When the grand plan for the Bank of America Tower was announced back in 2003, it was met by plenty of naysayers. Some critics complained that the $650 million in tax-free liberty bonds extended to the developer, The Durst Organization, should have gone to rebuilding lower Manhattan, devastated by the 9/11 attacks. Others noted that Bank of America had been shrinking itsworkforce for years and hardly needed such a big tower.
With a roof height of 945 feet, the $1 billion project will exceed the two buildings currently tied for No. 2 in height in the Big Apple, the Chrysler Building and the New York Times Building, both of which rise 925 feet. With its spire, Bank of America Tower will eventually ascend to 1,200 feet when it's finished in 2009.
Durst was able to defuse its critics by planning perhaps the most environmentally friendly building ever put up in New York. Start with the concrete, which is a mixture of 55% cement and 45% slag, the latter a byproduct of blast furnaces that otherwise is dumped into landfills. The slag, employed here in a virtually unprecedented fashion, is expected to make the finished concrete actually stronger than conventional materials.
Proponents of slag note that the production of cement produces a ton of carbon dioxide emitted into the atmosphere for each ton of finished cement. By lowering greenhouse gases, therefore, slag reduces damage to the environment.
The building will be cooled by ice batteries — with ice produced and stored during off-peak hours, and absorptive chillers blowing cool air throughout all 54 floors and 2.1 million sq. ft. through floor ducts during the day. This is the wave of the future, says Rocco Giannetti, a director for Gensler, the architect working on the project's interior work.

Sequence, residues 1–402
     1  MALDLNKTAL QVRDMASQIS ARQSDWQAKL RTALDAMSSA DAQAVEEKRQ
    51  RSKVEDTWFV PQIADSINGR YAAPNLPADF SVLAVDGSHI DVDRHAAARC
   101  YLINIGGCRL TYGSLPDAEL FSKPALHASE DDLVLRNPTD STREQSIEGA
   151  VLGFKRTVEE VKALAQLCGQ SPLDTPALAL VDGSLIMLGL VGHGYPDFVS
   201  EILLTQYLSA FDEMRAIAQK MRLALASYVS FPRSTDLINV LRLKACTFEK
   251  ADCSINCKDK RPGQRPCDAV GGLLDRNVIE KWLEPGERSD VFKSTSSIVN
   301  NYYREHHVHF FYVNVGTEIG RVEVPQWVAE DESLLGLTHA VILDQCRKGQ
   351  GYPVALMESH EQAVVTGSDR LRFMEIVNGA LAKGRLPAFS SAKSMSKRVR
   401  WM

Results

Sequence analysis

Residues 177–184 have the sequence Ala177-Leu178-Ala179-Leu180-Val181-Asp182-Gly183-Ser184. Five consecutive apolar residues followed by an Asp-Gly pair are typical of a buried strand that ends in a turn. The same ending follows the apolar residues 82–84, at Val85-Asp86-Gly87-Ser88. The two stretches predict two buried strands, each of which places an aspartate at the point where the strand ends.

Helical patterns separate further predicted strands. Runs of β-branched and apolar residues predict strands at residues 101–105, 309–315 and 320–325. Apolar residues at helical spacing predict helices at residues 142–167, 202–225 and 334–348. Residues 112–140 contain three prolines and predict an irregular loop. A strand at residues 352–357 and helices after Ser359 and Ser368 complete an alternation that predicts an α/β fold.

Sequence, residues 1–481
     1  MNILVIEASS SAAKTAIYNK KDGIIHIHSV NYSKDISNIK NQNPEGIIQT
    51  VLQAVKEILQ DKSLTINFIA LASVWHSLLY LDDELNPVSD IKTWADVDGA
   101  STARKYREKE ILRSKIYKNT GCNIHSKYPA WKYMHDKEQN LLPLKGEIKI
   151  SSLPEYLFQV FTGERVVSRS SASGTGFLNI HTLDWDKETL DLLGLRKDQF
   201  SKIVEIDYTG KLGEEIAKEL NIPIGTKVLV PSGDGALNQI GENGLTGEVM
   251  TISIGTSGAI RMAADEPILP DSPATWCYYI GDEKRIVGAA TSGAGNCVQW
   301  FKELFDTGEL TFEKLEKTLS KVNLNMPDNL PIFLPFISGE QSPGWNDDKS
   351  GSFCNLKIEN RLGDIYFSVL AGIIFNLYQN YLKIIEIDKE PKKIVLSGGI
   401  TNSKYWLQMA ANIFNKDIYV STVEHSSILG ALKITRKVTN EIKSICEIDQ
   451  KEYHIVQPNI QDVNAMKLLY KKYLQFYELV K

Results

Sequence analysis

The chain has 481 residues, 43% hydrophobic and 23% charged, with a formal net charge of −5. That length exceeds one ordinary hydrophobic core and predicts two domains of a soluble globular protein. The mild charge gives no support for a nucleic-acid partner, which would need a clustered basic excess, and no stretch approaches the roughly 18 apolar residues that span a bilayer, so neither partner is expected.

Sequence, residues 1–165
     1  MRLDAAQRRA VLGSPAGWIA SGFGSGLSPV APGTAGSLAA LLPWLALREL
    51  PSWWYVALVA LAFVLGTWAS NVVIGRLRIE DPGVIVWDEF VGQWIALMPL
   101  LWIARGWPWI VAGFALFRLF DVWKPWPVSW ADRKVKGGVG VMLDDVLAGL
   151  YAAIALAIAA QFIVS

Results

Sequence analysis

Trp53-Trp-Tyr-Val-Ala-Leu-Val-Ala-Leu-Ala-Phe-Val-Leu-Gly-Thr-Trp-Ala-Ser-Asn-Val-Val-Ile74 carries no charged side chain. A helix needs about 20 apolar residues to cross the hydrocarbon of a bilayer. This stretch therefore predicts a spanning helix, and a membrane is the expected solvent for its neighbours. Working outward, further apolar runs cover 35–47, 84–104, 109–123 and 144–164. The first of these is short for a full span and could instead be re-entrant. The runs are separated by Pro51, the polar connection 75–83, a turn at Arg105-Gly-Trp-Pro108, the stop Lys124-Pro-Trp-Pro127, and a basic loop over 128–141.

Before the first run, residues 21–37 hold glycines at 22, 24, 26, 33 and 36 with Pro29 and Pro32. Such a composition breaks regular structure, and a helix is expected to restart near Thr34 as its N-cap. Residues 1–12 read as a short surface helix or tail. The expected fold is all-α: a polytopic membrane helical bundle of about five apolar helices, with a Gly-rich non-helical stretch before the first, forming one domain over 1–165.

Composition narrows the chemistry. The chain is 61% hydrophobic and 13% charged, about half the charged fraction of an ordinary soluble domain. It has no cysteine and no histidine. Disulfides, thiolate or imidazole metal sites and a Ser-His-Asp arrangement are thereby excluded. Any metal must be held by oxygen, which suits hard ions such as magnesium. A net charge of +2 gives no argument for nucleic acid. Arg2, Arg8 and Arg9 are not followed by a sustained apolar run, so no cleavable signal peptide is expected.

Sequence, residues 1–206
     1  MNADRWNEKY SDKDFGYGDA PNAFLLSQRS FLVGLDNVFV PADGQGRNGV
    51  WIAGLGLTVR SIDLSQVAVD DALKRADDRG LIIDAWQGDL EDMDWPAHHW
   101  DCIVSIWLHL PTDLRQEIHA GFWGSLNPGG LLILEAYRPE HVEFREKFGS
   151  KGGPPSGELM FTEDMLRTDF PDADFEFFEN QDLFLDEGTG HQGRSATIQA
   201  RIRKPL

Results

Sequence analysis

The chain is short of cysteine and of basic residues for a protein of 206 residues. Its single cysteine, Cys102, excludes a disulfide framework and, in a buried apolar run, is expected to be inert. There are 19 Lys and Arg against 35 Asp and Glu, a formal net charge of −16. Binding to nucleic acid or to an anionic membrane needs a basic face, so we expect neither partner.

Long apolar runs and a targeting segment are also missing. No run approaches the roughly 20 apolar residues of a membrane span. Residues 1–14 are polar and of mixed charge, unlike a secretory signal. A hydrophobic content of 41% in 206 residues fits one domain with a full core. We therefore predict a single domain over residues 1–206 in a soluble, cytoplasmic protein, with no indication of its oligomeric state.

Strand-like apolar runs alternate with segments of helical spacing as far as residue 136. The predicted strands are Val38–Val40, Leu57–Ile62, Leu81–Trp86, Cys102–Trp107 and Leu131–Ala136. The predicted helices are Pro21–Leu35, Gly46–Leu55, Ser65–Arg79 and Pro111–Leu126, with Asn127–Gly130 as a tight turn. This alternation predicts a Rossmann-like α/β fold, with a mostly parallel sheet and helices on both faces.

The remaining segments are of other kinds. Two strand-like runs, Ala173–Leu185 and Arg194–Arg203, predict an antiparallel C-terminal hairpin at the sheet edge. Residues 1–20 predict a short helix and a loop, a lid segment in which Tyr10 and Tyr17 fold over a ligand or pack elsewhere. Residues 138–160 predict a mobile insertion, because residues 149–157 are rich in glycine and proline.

“Under-floor air uses less energy and provides more human comfort,” he says. “You create a natural convection as the air rises naturally to return air vents overhead. In this building there is no mixing of supply and return air. You use less energy to supply less air.”
And that's not all. Special carbon dioxide sensors throughout the building will detect rising levels of CO2 and automatically trigger more fresh air ventilation. There are special filters on air being exhausted to the outside, meaning that Bank of America will return utterly pure air to the streets of Manhattan.
Management also is in pursuit of an elite Platinum LEED certification. All materials in the building, from the concrete to the countertops, are being sourced locally as much as possible.
“The carpeting has a very high recycled content,” Giannetti says. “It lasts just as long and people can't tell the difference. The ceiling tiles, too, have a high recycled mineral fiber content.”
There is a cogeneration plant in the basement intended to sell electricity back to the Consolidated Edison grid eventually, as well as a graywater wastewater collection network to minimize the building's impact on the New York sewer system. The highly insulated glass is clear only at the middle of each floor, with a fritting pattern high and low on each floor minimizing the nuisance of direct sunlight falling on occupants' eyes.
“There is plenty of natural daylight coming into this building, but the glass is shaped so that the light is not uncontrolled,” says Giannetti, who has designed overhead light fixtures on five-foot grids that are adaptable to the movement ofpartitions around each floor. “Everything we do here, we check our results against the LEED scorecard.”